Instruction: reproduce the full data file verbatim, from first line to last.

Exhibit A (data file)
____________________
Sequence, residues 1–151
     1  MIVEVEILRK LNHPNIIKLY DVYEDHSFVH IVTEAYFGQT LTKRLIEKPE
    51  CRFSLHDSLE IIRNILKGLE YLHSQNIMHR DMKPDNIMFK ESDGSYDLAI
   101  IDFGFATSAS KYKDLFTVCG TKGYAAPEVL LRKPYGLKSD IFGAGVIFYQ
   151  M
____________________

Sequence, residues 1–151
     1  MIVEVEILRK LNHPNIIKLY DVYEDHSFVH IVTEAYFGQT LTKRLIEKPE
    51  CRFSLHDSLE IIRNILKGLE YLHSQNIMHR DMKPDNIMFK ESDGSYDLAI
   101  IDFGFATSAS KYKDLFTVCG TKGYAAPEVL LRKPYGLKSD IFGAGVIFYQ
   151  M